While he does advance a number of the theories, Jameson often seems to dismiss theories and evidence that don't advance the theory he supports. He also seems to accept as fact a number of things that seemed, at best, suspicious to me.
For example, he relies heavily on the "evidence" presented by a yman named Robert Myers who was a very young man who was allowed to spend a lot of time around Earhart and her crew as they prepared for her final flight. The problem with this, for me, is that the stories Myers told were the recollections of a man many years after he purportedly overheard conversations, the recollections are the interpretations of a young man of parts of conversation he overheard rather than conversations he was a part of, and that Jameson believes Myers' recollections to be fact based on Myers passing a lie detector test decades after the events occurred. I would think a person that has been telling himself the same stories for decades would have come to believe them to be fact, making a lie detector test pointless.
Jameson certainly raises some questions for me, and I don't entirely rule out the possibility that Jameson may be correct. There are just so many questions raised by everything he relies on. The woman many believed was Earhart, for example, Irene Craigmile Bolam, seemed to run with a group of people involved in aviation. I can't help but think that if Earhart were trying to escape her past, she wouldn't put herself in a position where questions might be raised.
My biggest problem with this book, though, is the fact that it is one of a number of "Beyond The Grave" books that Jameson has written. I'm lead to believe that Jameson has picked historical mysteries, done research into the research on each, and grabbed onto a conclusion that would create the biggest buzz. I haven't read any of Jameson's other books so this is just a feeling I have and I may way off base about his body of work.
Too many questions, not enough answers for me to really enjoy this one.
Saturday, January 23, 2016
My mom had a knee replacement on Monday. She's got a long road of recovery ahead of her but she reports that she's already walking better than she was before the surgery. The fact that can happen always makes me think of the opening sequence of that old t.v. show, The Bionic Man, when they talked about making him "better, faster, stronger." I never ceased to be amazed by her strength.
The Big Guy had a scan recently and a scope procedure this week which both confirmed that he remains cancer free after over four years. Anyone who's come through cancer knows that there will always be things to deal with in the aftermath, but, as we like to say when we start to feel sorry for ourselves, it beats the hell out of the alternative!
Lastly, my parents lost a dear friend last week. She had her husband have been friends of my parents for over 55 years. He was my dad's first principal; she was one of the nurses in the delivery room when I was born. Can you even fathom having people in your life that you've been friends with for so long? Betty's family will have to figure out how to go on without their mother, grandmother, great-grandmother, beloved wife. My parents will have to adjust to life without another of their friends.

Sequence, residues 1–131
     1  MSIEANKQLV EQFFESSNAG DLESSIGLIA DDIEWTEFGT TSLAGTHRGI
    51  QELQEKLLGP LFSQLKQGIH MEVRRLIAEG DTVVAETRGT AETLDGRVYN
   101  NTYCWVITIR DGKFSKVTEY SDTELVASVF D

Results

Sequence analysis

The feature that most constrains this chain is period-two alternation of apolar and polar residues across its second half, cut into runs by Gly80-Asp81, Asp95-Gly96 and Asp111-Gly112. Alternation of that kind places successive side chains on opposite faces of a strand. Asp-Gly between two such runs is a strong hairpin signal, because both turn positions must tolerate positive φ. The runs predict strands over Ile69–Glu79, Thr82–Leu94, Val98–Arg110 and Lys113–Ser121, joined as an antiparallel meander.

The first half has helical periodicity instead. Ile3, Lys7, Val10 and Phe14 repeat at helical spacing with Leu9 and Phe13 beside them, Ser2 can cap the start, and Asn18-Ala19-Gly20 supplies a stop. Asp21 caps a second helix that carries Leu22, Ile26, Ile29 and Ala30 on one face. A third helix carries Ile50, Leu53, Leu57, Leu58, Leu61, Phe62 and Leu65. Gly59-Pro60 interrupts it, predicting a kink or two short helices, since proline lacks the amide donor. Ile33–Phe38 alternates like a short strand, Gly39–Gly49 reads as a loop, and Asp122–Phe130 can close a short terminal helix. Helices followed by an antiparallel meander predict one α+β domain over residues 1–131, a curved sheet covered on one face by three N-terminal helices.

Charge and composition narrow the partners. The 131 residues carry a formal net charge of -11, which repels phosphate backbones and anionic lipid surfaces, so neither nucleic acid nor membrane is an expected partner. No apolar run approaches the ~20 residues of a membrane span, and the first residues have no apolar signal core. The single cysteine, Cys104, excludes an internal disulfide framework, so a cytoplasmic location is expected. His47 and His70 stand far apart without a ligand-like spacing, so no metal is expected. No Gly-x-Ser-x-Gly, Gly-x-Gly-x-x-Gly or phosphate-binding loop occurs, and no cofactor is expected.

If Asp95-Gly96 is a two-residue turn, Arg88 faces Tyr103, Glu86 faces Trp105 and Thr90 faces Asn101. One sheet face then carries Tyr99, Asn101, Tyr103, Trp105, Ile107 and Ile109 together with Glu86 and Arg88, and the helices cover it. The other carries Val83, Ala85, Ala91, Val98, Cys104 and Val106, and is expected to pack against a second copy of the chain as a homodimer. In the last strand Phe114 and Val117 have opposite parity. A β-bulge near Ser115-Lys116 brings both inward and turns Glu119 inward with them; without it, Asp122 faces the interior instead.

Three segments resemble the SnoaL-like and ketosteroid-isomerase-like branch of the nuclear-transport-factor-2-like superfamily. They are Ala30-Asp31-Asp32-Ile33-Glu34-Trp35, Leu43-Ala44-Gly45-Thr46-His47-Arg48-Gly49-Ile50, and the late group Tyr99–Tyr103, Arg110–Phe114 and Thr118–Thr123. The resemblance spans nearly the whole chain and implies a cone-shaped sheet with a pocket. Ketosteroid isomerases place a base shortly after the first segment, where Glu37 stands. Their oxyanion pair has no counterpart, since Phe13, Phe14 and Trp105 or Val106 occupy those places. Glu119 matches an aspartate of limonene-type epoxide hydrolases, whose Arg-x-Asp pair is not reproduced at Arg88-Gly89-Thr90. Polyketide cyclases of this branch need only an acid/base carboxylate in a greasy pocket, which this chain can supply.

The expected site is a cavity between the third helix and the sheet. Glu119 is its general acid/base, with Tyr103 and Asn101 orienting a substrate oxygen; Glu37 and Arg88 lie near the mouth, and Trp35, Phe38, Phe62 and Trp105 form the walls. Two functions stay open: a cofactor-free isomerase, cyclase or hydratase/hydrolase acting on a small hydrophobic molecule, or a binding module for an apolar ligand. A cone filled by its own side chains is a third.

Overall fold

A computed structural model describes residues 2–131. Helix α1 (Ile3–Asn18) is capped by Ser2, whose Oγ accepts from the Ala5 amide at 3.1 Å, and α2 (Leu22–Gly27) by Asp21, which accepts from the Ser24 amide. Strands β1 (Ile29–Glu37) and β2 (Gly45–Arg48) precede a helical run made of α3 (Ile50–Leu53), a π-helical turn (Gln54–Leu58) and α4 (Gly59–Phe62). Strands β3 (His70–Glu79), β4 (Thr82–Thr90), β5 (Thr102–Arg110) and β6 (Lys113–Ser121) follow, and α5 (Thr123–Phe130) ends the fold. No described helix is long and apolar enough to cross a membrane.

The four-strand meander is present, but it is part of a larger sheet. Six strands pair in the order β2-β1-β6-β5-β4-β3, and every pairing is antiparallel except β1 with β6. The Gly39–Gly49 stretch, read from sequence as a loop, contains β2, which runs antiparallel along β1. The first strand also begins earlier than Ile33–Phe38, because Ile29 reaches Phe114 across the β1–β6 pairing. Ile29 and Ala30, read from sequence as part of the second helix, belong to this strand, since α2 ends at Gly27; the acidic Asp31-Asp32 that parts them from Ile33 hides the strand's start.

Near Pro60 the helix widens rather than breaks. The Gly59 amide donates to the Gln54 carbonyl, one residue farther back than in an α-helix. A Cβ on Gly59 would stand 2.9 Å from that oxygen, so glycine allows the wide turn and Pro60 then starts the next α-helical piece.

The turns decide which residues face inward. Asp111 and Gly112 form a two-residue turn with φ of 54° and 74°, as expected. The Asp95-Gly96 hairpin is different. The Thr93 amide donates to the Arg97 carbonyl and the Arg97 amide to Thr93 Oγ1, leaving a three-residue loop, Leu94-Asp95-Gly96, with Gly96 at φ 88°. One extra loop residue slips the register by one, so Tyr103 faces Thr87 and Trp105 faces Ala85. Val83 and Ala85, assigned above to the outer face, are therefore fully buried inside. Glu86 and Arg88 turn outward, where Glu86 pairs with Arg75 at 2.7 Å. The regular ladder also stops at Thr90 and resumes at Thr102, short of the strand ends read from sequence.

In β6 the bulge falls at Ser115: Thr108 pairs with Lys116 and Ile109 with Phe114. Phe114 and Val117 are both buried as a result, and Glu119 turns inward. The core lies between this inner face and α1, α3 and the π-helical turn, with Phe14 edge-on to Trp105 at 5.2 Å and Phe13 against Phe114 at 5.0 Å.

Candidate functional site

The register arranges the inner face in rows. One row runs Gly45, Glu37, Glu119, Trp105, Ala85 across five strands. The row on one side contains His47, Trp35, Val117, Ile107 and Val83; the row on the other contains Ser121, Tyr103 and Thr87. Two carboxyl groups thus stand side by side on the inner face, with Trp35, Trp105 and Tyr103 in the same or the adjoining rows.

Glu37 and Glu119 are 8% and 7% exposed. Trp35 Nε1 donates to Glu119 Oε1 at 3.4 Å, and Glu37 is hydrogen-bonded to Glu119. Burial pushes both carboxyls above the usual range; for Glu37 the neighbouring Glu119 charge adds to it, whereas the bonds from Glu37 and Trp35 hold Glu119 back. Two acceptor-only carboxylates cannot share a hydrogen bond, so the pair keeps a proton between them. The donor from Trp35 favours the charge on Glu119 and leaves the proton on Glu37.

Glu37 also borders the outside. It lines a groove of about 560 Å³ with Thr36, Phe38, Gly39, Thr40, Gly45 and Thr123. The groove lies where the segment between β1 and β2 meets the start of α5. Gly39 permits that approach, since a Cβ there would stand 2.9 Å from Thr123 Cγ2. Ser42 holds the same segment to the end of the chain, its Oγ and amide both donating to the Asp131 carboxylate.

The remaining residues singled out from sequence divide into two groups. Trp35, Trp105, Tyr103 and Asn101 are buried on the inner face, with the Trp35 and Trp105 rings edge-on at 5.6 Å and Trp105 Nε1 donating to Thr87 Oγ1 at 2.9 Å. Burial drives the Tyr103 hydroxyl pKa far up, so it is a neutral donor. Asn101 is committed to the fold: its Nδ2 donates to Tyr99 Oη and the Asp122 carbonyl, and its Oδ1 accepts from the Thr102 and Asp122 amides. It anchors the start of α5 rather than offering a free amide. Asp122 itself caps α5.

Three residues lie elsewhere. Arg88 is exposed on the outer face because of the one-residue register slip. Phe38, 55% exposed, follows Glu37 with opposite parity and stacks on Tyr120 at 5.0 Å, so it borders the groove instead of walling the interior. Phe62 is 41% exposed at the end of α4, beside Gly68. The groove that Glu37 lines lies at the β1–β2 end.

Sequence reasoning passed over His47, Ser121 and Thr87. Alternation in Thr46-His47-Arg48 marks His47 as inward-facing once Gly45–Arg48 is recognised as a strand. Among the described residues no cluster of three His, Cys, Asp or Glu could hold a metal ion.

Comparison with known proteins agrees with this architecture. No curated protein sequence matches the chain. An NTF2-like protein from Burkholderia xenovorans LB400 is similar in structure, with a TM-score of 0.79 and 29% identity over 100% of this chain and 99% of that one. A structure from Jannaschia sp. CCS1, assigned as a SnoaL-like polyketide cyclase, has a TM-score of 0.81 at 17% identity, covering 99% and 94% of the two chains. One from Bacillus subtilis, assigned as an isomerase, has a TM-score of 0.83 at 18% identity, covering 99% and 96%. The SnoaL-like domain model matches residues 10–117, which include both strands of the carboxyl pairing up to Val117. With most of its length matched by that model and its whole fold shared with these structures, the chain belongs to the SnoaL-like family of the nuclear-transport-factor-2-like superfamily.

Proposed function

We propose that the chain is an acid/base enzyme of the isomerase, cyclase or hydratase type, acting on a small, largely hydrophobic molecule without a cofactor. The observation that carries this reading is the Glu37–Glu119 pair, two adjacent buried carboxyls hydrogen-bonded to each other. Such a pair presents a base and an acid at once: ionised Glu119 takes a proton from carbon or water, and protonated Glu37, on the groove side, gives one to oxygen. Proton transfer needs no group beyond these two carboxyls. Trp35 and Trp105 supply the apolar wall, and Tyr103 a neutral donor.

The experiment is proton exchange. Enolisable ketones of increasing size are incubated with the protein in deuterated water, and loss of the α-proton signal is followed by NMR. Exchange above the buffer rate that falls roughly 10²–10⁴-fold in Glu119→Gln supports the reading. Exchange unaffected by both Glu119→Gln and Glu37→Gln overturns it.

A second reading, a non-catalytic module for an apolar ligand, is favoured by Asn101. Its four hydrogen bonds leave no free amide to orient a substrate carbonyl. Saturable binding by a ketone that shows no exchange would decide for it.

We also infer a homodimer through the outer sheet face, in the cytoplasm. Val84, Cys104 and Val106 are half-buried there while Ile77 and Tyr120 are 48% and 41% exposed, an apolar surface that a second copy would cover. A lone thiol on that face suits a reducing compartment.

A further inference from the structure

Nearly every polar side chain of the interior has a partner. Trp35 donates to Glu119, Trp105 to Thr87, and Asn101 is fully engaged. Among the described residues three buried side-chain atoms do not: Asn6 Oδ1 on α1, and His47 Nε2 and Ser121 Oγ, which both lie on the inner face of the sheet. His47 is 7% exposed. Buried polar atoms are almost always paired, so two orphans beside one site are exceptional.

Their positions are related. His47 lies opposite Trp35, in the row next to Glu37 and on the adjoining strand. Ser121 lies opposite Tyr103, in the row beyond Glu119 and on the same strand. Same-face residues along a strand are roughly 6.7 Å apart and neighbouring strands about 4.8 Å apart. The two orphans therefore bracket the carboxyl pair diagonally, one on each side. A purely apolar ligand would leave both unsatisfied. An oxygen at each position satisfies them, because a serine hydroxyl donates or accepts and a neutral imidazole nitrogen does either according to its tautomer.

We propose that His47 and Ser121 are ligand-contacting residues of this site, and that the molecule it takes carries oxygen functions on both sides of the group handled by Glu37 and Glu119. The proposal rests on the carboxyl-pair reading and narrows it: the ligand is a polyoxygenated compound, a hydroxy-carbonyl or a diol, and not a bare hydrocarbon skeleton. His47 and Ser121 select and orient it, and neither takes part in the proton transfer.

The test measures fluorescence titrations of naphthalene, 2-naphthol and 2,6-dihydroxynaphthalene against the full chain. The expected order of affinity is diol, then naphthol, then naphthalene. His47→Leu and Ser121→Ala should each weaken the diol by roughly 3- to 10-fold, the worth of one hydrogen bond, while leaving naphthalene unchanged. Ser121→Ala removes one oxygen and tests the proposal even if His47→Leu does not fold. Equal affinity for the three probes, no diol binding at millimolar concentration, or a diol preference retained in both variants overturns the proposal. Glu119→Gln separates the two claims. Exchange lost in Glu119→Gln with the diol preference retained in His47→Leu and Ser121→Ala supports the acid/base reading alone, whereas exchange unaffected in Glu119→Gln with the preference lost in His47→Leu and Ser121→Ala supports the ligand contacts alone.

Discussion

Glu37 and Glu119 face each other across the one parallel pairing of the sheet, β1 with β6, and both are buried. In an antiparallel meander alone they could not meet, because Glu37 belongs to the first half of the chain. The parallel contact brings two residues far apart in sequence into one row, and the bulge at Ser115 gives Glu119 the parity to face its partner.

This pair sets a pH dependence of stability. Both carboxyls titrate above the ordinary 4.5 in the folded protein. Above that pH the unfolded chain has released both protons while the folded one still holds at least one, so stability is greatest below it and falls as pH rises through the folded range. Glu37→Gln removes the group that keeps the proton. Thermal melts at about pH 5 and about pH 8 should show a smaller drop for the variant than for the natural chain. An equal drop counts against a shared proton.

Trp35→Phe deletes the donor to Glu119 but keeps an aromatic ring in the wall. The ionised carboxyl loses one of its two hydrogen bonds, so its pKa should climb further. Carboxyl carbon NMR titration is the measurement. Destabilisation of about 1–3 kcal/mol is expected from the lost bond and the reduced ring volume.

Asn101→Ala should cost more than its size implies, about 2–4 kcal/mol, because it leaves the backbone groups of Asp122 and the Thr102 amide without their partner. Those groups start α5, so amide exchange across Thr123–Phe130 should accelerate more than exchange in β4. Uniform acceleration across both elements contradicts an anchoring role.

This Week I'm:
Listening To: More radio time this week but still catching up on my podcasts. "Catching up" may not be entirely accurate. "Keeping up" might be a better phrase. I did wish I'd had an audiobook Tuesday when, thanks to a rush hour snowfall, my 30 minute commute took almost two hours.
Watching: Movies: The Man From U.N.C.L.E. and Inside Out. We liked them both. In fact, The Man From U.N.C.L.E. was one of the best adaptations of a 1960's television show I've seen; they played it very much like the tone of the television show.
Making: Pork roast, tator tot casserole, cheeseburger pie, runzas, fettucine alfredo. I've decided cooking is fun again! This week I'm planning to try a couple of new recipes including a crockpot chicken marsala. What's been cooking in your kitchen?
Planning: The past couple of weeks have been busier than usual with more on the calendar, longer work hours, a week of being down with a cold. My plan for this week is to get my house back in order.
|Good thing my mom's room was big!|
Grateful for: Family. In the University of Nebraska fight song, there is a line that says "we all stick together in all kinds of weather." That's my family. I'm sure hospitals never know what to make of us but we travel in packs when it's time to support one another.
Enjoying: Watching my daughter stretch out on the floor in my mom's hospital room the other day with a book. There are four readers in my immediate family. Miss H was not one of them. Now that she's really discovered how relaxing reading at bedtime can be and how great it is to have a book to pass time, I think we may just have a fifth reader!
Feeling: It's been a week of feeling all of the things.
Looking forward to: Thanks to last week's winter weather, book club had to be postponed. So this week I'm once again looking forward to spending an evening with my ladies, talking about A Man Called Ove. I wonder if anyone else cried?